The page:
See MS Mathematics
As an extension of Algebra I, the Algebra II Course is designed to build a mathematical foundation for students who are preparing for college entrance exams and/or will take Precalculus next. Topics to be covered include equations and inequalities, quadratic functions and factoring, polynomials and polynomial functions, rational functions, exponential and logarithmic functions, radical functions, complex numbers, sequences and series, probability, and statistics. Students will develop more concepts beyond basic algebra and enrich problem-solving skills, for which an emphasis on applications and use of graphing calculators will be integrated throughout the course.
The Geometry Course is designed primarily for the 9th grades to develop critical thinking and problem-solving skills by connecting concepts to practical applications. Topics to be covered include parallel and perpendicular lines, angles, congruent and similar triangles, right triangles, the Pythagorean Theorem and trigonometry, quadrilaterals, polygons, transformations, circles and arc, area, surface area and volume of 3-dimensional solids. Students will acquire and demonstrate knowledge of concepts, properties, and applications of the topics listed above as well as develop the computational skills and strategies as needed to solve problems.
The Precalculus Course is designed to build a rigorous foundation for students who will be going on to Calculus and/or other advanced math courses. With emphasis on both analytic and graphical analysis along with the use of graphing calculators, the course will lead students through an advanced study of trigonometric functions, exponential and logarithmic functions, conic sections, matrices, vectors, polar coordinates and functions, sequences and series, and will conclude with an introduction to the concept of limits and the difference quotient. Students will deepen their understanding of all the concepts and properties and focus on the mastery of problem-solving skills as required for success in subsequent math courses.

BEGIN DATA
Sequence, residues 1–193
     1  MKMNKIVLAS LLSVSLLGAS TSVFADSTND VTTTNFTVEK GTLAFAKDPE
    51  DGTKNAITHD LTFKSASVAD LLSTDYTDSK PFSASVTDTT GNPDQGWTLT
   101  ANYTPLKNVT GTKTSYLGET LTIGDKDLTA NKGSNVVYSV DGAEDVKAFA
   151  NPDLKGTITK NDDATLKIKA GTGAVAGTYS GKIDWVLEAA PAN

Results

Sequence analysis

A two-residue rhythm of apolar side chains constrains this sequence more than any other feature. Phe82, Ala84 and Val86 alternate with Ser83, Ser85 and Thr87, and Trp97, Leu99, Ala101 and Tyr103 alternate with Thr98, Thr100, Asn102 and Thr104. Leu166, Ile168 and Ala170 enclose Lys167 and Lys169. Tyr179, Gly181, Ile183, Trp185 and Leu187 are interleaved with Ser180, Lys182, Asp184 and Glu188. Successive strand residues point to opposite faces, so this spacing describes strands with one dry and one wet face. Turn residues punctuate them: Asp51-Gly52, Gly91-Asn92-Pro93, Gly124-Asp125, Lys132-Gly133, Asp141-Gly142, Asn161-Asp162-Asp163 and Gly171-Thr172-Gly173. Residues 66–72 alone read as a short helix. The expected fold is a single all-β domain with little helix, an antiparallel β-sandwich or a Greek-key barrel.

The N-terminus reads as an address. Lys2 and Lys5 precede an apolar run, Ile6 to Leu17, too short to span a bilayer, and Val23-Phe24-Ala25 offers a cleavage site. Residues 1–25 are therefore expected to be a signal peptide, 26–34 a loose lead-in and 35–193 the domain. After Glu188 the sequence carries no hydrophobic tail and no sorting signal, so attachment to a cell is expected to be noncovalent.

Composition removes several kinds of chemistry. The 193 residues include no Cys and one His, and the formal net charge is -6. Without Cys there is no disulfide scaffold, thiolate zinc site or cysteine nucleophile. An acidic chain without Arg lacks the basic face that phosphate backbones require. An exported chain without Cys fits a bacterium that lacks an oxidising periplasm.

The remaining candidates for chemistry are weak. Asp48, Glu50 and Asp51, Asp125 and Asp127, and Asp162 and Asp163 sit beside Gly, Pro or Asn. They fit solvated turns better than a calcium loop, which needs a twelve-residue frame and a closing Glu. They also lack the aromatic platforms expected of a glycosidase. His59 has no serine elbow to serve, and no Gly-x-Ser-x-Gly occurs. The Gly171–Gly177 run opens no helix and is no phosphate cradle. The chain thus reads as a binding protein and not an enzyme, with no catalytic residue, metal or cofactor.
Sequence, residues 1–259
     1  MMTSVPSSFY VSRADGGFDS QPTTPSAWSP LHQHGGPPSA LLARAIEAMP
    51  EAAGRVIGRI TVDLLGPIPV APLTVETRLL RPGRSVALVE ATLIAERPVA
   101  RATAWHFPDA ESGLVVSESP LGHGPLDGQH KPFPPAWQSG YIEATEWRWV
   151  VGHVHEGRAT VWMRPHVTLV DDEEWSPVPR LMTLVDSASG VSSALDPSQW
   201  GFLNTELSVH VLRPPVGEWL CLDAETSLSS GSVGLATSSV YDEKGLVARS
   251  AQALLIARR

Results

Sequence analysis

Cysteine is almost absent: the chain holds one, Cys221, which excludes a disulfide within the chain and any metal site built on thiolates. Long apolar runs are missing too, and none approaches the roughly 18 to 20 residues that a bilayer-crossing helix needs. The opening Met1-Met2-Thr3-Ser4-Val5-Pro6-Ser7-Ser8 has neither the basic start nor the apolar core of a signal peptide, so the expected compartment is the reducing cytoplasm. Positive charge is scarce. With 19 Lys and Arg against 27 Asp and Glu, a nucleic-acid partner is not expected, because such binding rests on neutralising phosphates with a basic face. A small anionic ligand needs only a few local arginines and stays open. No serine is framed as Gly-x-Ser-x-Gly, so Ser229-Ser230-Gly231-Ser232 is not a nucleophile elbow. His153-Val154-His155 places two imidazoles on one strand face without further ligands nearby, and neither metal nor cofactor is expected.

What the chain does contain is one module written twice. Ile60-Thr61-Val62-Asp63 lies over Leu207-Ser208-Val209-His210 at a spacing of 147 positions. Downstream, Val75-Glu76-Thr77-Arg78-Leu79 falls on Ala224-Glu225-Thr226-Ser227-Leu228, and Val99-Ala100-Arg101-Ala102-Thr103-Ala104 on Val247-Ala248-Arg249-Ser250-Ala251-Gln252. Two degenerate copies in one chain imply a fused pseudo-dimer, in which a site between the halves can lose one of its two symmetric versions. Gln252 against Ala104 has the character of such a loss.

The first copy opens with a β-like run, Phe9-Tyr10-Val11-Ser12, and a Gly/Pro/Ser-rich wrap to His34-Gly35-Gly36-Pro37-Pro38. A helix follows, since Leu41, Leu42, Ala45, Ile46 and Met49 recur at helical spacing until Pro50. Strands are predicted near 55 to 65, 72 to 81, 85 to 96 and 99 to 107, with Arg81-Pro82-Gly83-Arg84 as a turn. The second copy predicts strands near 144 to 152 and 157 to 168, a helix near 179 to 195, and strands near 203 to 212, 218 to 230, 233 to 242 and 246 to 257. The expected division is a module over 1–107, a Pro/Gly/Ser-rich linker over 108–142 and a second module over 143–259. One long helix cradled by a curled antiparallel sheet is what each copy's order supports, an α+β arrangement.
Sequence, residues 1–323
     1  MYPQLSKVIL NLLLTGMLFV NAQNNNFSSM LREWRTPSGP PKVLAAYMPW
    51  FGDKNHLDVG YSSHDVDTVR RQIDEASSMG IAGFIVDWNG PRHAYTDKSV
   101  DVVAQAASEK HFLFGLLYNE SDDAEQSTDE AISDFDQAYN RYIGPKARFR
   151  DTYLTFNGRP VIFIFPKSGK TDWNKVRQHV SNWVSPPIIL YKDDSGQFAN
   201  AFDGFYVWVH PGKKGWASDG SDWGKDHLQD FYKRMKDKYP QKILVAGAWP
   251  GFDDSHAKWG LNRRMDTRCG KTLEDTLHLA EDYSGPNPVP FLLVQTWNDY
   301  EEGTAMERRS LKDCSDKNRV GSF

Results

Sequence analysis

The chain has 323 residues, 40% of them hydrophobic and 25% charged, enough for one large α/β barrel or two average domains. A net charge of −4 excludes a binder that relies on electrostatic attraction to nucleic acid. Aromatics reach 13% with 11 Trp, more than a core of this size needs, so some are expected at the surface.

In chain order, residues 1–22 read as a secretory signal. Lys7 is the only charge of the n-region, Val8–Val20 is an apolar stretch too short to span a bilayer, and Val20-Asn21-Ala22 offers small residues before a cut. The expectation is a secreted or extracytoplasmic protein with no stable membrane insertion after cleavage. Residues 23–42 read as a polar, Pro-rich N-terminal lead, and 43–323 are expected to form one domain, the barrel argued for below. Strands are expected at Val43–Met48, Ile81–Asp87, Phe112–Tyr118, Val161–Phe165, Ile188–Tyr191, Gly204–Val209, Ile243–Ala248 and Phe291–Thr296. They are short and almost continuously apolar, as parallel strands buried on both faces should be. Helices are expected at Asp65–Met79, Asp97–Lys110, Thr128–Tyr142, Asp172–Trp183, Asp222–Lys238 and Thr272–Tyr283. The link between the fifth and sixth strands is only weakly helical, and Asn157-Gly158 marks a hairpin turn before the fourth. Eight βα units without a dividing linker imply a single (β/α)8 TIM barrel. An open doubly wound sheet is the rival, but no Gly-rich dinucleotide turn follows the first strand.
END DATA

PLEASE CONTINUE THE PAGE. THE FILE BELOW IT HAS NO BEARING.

This course is designed to cover the concepts, applications, and problem-solving techniques of calculus so that students can develop creative problem-solving skills as needed to take the AP Calculus AB Exam administered by The College Board. Topics include limits and their properties, definition and fundamental properties of differentiation, applications of differentiation, Riemann integrals and fundamental theorems of calculus, applications of integration, calculus of transcendental functions, and differential equations.
AP Calculus BC is an extension of AP Calculus BC designed to cover further concepts, applications, and problem-solving techniques of calculus so that students can develop creative problem-solving skills as needed to take the AP Calculus BC Exam administered by The College Board. Topics include further integration techniques [e.g., integration by parts, improper integral, etc.], calculus of parametric equations and polar coordinates, infinite series, and series representation of functions.
Discrete Mathematics is designed to develop the ability to think abstractly. Topics include the logics of compound and quantified statements, number theory and methods of proof, sequences and mathematical induction, set theory, relations and functions, counting and probability. Students will discover that the ideas of discrete mathematics underlie and are essential to the science and technology of the computer age. They will also develop a solid foundation for computer science and advanced level math courses.
Linear Algebra is designed to study systems of linear equations and properties of matrices, of which concepts and applications in other disciplines, like physics and engineering, are extremely useful. Students will develop a good understanding of the following topics and their applications: systems of linear equations and their matrix representation, matrix operations including inverses, determinants and their properties, vector spaces, eigenvalues and eigenvectors, linear transformations, and least-square problems.